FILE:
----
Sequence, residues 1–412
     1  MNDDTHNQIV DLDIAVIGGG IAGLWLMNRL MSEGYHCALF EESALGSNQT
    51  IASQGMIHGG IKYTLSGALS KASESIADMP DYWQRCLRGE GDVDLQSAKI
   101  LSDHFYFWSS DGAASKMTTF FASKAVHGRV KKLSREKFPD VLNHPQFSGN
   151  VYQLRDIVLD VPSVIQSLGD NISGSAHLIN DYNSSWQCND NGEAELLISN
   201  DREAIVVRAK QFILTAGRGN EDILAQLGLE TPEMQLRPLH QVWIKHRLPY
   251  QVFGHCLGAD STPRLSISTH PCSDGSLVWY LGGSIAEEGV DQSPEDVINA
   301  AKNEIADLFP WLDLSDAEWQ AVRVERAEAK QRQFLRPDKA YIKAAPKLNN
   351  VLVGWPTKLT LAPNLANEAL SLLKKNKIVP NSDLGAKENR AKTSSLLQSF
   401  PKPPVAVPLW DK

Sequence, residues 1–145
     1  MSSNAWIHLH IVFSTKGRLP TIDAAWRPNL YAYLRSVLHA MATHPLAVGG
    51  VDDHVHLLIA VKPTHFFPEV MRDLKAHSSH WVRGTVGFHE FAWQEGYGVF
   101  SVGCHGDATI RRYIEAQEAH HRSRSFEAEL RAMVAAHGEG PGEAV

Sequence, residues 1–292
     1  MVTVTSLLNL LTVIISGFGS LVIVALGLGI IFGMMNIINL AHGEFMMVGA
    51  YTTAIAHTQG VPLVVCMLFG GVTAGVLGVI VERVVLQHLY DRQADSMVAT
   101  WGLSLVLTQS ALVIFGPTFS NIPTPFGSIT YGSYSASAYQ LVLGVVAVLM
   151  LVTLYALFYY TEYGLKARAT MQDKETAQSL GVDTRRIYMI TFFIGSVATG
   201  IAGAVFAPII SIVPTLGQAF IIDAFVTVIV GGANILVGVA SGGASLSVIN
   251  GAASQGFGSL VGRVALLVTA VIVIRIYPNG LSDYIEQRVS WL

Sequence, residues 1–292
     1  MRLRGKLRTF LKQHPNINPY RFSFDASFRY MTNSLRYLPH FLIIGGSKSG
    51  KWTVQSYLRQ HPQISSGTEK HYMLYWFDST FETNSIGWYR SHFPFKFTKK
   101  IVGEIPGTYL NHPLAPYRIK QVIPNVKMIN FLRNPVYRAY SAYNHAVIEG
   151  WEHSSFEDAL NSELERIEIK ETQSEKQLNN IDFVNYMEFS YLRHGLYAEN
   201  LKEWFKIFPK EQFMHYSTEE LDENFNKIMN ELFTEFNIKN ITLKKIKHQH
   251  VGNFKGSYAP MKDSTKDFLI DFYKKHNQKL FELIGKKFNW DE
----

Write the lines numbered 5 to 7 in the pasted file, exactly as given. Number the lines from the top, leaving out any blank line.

   151  VYQLRDIVLD VPSVIQSLGD NISGSAHLIN DYNSSWQCND NGEAELLISN
   201  DREAIVVRAK QFILTAGRGN EDILAQLGLE TPEMQLRPLH QVWIKHRLPY
   251  QVFGHCLGAD STPRLSISTH PCSDGSLVWY LGGSIAEEGV DQSPEDVINA